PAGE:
I've also caught up with the last couple of months' worth of several of the prozines, but I'm not about to review all of them. Let's go on to:
-- BEING COMMENTS ON LAST WEEK'S DISTRIBUTION
I think I'll start lumping all of the feud material together in one section, at the back of the Dist'n, so those of us who aren't interested in reading it can ignore it all the more easily.
June Konigsberg -- Thanks for the SatEvePost cartoon. There are enough really good s-f cartoons in mundane magazines to warrant a collection of them. Judy Merrill occasionally prints some in YEAR'S BEST SF, but not nearly all of them. ## Silverlock, as all of Myers' other protagonists, is more unawakened to Life at the beginning of the book. I have more of a mental picture of him switched off, as it were, waiting for something to turn him on, than hovering in a neutral position between two opposing sets of qualities.
Before I forget to mention it again (disorganized this week, aren't I?), the problem of What To Do With Apa L While I'm Gone has been solved. Don Fitch has agreed to serve as Acting Official Collator for those two weeks. He'll organize the various contributions into the final order for the Dist'ns, and type up and run off the Table of Contents on his hektograph. (Jim Schumacher will be coming with us to the TriCon, so his mimeo will not be available.) Jerry Jacks will assist Don in making sure that the Dist'ns get collated, while Don is working on the ToC. And while there may be a rump LASFS Meeting at the TriCon on Thursday, Sept. 1st, there will not be a rump Apa L Dist'n there, also; so those of you who've been wondering about how to get such a beast can stop worrying.
Sally Crayne -- Thanks for pointing out the possibilities of the Anheuser Busch tour; that's something I hadn't known about before. It sounds like a tour I'd enjoy taking, even if I don't like beer. Let's put that down on the club's list of Things To Do Around Los Angeles. We still haven't gotten around to organizing that LASFS Party out to the Universal-International movie lot tour. After the TriCon, maybe?
One thing I've been meaning to do for quite a while now is to thank all of you who regularly print your telephone numbers in your colophons. The LASFS Directory is far enough out of date now that, short of keeping your own fannish phone book, Apa L is about the only place to turn when you want to phone some member whose number you don't know offhand, and who isn't in your regional phone book. (And asking Information is a drag.) It's just struck me lately that, whenever I want to phone such a member, I've been able to find his or her number within the last two weeks' Dist'ns. I hope this practice continues.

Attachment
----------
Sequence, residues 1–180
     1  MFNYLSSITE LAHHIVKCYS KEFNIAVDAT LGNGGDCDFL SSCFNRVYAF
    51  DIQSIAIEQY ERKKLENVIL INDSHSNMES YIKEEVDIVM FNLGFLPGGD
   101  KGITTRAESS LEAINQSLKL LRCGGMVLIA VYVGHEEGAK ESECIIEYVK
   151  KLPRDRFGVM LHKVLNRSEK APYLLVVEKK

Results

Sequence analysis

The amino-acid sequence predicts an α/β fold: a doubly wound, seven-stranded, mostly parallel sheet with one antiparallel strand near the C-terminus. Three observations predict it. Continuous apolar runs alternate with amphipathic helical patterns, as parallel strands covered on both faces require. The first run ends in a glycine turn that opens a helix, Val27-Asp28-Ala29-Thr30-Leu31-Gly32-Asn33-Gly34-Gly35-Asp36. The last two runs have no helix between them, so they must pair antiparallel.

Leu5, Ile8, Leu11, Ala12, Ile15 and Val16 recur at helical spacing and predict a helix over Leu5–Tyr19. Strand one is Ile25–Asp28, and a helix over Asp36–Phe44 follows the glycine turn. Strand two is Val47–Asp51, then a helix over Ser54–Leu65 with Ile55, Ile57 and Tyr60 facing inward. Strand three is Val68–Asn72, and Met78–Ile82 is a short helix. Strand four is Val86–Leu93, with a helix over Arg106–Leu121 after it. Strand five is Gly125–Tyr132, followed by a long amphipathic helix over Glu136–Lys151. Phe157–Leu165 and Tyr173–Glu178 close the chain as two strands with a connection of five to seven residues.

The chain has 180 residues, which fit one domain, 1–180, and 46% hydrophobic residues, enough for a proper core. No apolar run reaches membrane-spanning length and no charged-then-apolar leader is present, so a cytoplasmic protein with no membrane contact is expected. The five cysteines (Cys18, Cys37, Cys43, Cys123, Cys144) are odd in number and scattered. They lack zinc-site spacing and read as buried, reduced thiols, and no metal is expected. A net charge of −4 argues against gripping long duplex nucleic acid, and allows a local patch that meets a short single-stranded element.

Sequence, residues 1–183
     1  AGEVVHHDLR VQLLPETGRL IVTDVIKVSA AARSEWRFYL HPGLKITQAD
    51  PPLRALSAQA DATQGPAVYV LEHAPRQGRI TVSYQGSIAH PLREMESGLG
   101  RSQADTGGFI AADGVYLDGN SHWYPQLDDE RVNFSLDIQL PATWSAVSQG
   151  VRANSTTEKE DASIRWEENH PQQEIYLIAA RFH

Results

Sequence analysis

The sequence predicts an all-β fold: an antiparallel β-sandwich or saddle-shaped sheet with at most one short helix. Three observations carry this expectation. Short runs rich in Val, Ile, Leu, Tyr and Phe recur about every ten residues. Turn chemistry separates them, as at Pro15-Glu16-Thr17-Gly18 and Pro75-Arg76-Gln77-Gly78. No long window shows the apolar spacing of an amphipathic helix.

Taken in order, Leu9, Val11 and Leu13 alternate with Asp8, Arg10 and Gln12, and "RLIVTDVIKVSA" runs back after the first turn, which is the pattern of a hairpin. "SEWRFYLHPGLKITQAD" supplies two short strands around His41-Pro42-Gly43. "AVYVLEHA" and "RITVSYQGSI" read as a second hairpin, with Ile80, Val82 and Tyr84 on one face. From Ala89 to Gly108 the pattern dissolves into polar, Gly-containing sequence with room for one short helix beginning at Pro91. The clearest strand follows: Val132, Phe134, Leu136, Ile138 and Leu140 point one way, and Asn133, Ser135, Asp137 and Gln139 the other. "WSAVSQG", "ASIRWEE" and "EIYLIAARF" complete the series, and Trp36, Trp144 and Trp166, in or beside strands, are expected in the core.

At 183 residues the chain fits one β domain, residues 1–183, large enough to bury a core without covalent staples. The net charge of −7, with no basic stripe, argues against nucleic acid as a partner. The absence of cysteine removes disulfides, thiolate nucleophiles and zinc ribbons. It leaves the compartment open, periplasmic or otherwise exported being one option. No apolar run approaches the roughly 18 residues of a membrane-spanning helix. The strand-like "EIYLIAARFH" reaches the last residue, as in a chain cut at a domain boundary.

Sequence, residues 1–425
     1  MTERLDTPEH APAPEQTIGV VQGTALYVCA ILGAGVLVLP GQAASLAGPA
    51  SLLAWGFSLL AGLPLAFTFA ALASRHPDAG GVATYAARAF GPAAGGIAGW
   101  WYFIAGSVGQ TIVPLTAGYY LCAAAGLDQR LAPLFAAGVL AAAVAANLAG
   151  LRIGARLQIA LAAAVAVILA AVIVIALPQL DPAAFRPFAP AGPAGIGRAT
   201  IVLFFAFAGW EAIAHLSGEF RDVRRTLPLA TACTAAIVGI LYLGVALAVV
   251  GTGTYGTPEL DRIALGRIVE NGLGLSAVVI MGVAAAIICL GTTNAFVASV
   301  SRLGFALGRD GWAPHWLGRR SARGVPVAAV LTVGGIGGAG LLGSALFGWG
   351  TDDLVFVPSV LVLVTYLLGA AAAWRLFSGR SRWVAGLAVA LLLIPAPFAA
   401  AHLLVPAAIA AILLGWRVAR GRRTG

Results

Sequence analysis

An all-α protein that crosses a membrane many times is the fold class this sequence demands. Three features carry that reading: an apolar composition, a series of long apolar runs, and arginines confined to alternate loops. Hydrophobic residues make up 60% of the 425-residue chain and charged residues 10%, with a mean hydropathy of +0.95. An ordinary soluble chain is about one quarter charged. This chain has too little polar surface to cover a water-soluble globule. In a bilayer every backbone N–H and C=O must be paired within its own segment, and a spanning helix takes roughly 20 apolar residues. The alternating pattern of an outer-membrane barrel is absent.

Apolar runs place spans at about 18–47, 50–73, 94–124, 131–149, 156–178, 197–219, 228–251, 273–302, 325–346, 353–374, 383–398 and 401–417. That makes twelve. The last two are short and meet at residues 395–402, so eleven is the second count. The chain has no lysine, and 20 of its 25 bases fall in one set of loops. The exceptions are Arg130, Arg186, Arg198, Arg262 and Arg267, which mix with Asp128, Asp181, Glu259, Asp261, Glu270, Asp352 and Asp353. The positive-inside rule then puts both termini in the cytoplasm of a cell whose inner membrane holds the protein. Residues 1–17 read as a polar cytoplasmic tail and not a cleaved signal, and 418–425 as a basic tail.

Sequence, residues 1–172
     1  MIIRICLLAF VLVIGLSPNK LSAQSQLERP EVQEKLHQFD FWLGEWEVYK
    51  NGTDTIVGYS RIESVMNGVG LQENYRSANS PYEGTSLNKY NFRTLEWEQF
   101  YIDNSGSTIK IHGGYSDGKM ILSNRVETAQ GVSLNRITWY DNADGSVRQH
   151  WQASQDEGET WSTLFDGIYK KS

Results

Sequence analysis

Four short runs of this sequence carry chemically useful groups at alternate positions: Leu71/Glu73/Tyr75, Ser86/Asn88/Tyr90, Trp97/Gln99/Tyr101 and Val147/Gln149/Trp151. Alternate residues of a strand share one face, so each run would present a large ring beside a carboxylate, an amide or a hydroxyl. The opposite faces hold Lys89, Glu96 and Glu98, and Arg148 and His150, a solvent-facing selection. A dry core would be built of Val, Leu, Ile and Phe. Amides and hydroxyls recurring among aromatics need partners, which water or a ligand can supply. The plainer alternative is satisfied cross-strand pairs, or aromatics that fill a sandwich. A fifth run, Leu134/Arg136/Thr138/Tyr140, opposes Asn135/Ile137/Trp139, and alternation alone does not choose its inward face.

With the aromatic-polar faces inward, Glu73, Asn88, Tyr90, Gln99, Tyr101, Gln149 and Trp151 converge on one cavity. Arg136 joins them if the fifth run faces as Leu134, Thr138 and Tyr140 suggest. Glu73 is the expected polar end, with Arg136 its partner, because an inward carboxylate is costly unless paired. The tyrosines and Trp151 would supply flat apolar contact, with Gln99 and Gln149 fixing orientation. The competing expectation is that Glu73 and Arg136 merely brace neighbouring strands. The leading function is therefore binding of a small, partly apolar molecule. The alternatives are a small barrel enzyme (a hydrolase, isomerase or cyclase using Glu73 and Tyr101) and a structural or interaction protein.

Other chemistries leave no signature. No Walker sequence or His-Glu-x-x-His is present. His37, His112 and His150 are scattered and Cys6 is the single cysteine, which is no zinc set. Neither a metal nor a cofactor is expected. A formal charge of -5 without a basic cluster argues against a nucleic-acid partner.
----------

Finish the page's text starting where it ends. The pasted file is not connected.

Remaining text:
Tom Digby -- I hope you are able to make it to the TriCon. If not, the LASFS will be meeting at the same old station, since the regular Meetings stay put, no matter how many of us are gone. There have been WorldCons and WesterCons where there were more LASFS members present at the Con than at the regular Meeting back in L.A., but that never changes the fact that the regular Meeting stays at the regular meeting place. ## Looping freeway ramps always make me think of an old comic-book story by Gardner Fox (?) that appeared in STRANGE ADVENTURES back about 1952. it was on the Möbius Strip theme, and I suspect it was a steal of A. J. Deutch's "A Subway Named Möbius" in ASF back in 1950. There are other "things" that tend to remind me of s-f stories -- another freeway image comes from Margaret St. Clair's "Horrer Howce", with the black bullet-shaped cars that cruise the freeways, from which long, thin arms come to dismember the drivers of other nearby cars; and I've never been able to go through a tunnel since reading Alice Glaser's "The Tunnel Ahead" without thinking of that solution to the world overpopulation problem. Music, too; just as there're many famous songs that came from musicals or motion pictures, that always remind you of the musical or movie whenever you hear them, there are many classical compositions that I first heard over the radio while reading some s-f book, and whenever I hear the piece again, I automatically think of the story. An example is Liszt's "2nd Hungarian Rhapsody" and The Land of Unreason, by de Camp & Pratt. (A more mundane, and less fortunate, example is Wagner's "Ride of the Valkyries" (overture to act 3 (?) of "Die Walkure"), which I like very much, and Nazi newsreels about the Luftwaffe.)
Len Bailes -- Your typewriter isn't nearly as bad as your mimeograph; thank Roscoe you had Bruce run this off for you. I've just seen your SAPSzine. Ugh.
Jayn Ellern -- Nice to hear that the Manor will be preserved for a while longer, at least; it's always sad to see fannish social centers pass into oblivion. (Whatever happened to someone's project to get photos of all the past fannish addresses in L.A. still standing, such as Mathom House, the first Labyrinth's, etc.?)